SEC sues over Heinz option trading before buyout

Sat Feb 16, 2013 2:07pm EST
 

By Ben Berkowitz

(Reuters) - Securities regulators filed suit on Friday against unknown traders in the options of ketchup maker H.J. Heinz Co, alleging they traded on inside information before the company announced a deal to be acquired for $23 billion by Warren Buffett's Berkshire Hathaway Inc and Brazil's 3G Capital.

The suit marks the second time in six months that the SEC has taken legal action for alleged insider trading on a 3G deal.

The suit, in federal court in Manhattan, cites "highly suspicious trading" in Heinz call options just prior to the February 14 announcement of the deal. The regulator has frequently in past filed suit against unnamed individuals where it has evidence of wrongdoing, but is still trying to uncover the identities of those involved.

That trading, the suit said, caused the price of the particular call option they bought to soar 1,700 percent and generated unrealized profits of more than $1.7 million.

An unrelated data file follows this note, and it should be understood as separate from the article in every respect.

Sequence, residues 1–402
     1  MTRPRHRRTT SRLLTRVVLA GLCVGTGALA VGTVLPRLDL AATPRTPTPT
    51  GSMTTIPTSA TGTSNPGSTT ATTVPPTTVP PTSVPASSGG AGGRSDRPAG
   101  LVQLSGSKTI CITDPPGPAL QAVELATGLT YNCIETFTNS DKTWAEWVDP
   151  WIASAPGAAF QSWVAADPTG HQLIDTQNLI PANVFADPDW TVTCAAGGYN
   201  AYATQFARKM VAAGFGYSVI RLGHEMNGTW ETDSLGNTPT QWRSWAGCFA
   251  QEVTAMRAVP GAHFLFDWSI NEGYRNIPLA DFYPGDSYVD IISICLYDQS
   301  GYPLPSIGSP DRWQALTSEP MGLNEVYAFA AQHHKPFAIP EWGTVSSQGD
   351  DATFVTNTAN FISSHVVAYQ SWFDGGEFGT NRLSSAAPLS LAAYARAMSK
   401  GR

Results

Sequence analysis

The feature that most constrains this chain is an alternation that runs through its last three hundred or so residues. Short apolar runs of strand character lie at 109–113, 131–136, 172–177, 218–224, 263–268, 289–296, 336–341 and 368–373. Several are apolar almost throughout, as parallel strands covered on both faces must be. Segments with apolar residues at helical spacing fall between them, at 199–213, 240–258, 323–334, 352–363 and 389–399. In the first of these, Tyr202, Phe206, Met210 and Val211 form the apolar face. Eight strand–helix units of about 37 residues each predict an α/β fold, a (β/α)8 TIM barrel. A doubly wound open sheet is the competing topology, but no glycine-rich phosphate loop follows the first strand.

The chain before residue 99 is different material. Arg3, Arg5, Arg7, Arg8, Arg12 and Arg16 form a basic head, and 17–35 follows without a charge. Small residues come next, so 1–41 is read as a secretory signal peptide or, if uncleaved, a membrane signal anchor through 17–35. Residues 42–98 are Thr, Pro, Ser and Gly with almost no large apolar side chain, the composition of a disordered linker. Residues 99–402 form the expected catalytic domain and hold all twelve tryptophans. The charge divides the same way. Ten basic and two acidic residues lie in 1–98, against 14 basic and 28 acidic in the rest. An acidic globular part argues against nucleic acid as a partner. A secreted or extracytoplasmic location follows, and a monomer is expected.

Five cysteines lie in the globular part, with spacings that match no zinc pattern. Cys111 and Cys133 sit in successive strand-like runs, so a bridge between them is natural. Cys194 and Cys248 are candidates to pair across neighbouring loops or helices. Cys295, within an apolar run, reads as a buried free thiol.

The regulator claims the traders are either in, or trading through accounts in, Zurich, Switzerland. The account had no history of trading in Heinz over the last six or so months.

It has also obtained an emergency order to freeze assets in the Swiss account linked to the trading. In the suit, the SEC refers to the account as the "GS Account" and in a statement Goldman Sachs Group Inc said it was cooperating with the regulator's investigation.

"Irregular and highly suspicious options trading immediately in front of a merger or acquisition announcement is a serious red flag that traders may be improperly acting on confidential nonpublic information," Daniel Hawke, chief of the SEC's Division of Enforcement's Market Abuse Unit said in a statement.

Representatives of Heinz and Berkshire Hathaway were unavailable for immediate comment. A 3G representative declined to comment. The founder of 3G, Jorge Paulo Lemann, is from Brazil, but has made a home in Switzerland since the 1990s. He has not been implicated in any wrongdoing related to the deal.   Continued...

 
The Securities and Exchange Commission logo adorns an office door at the SEC headquarters in Washington, June 24, 2011. REUTERS/Jonathan Ernst